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Human trafficking most frequently evokes thoughts of the global sex trade. But a new World Vision report calls attention to labor trafficking, which is often hidden from view but is among the most damaging forms of child exploitation.
Human trafficking is often associated with the sex trade. But a new report on human trafficking in Asia's Mekong region indicates that the sale of people into slavery in industries like fishing, food processing, and domestic work is the most common form of trafficking and needs increased public attention.
World Vision's report (pdf), "10 things you need to know about labor trafficking in the Greater Mekong sub-region," lays out 10 facts about trafficking in an effort to broaden dialogue, and raise awareness about who becomes enslaved, and where.
The document is based on findings from other reports, as well as case studies collected by World Vision in the course of its efforts to fight trafficking across the region. It notes that, across the Asia Pacific region, there are an estimated three people trafficked for every 1,000 inhabitants. Globally, for every person forced into the sex trade, nine are forced to work.
"Trafficking for labor exploitation is generally not considered as severe a crime as trafficking for sexual exploitation, and there is a high level of impunity for offenders," the report says.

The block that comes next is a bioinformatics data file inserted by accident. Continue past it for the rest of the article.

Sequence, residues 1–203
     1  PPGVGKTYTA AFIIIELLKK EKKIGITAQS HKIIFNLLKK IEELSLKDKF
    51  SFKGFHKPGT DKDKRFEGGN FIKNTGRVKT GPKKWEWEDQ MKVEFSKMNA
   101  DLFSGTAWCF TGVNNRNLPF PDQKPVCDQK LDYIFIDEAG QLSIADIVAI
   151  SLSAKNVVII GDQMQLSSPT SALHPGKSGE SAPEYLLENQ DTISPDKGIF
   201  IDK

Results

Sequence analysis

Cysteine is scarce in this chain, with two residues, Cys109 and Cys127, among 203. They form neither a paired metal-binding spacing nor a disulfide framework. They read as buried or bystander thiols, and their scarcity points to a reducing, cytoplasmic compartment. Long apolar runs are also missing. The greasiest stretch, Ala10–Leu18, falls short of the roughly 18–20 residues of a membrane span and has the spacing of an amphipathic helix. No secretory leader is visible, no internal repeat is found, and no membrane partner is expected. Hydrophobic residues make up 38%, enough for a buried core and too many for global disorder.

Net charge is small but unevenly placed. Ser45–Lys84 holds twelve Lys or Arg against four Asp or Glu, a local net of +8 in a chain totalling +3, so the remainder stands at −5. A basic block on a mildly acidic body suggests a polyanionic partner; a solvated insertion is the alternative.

"Victims of labor trafficking are often not identified as such, and instead are detained and deported from the country where the exploitation took place. As a result, the majority of trafficked persons do not have access to assistance or justice, and the traffickers remain free to exploit others."
Among the ten truths are the following:
"Governments are slowly addressing the issue of trafficking for labor," says Abid Gulzar, trafficking program policy manager for the Greater Mekong region, who helped produce the report.
"But let's face it: This is the 21st century, and slavery of any form should be eradicated. Many of us are, for example, eating fish or shrimp that was caught or processed by the victims of trafficking."
The "10 things" report also comes with a list of recommendations about how to fight labor trafficking:
The report also urges consumers to learn more about where the products they use or eat come and contribute to the fight against labor trafficking.
Download the full report (pdf), "10 things you need to know about labor trafficking in the Greater Mekong sub-region."
Pray for children and families who have been devastated by labor trafficking, and pray for the political will to effectively fight this tragic practice around the world.
Contact your members of Congress today. Urge them to support reauthorization of the Trafficking Victims Protection Act (TVPA). This legislation provides key tools in the fight against global human trafficking, but it must be renewed every few years. The current version of TVPA expires on September 30, 2011.
Give monthly to support children affected by trafficking and exploitation. Your monthly gift will help provide assistance like safe shelter, food, education, trauma recovery counseling, and more.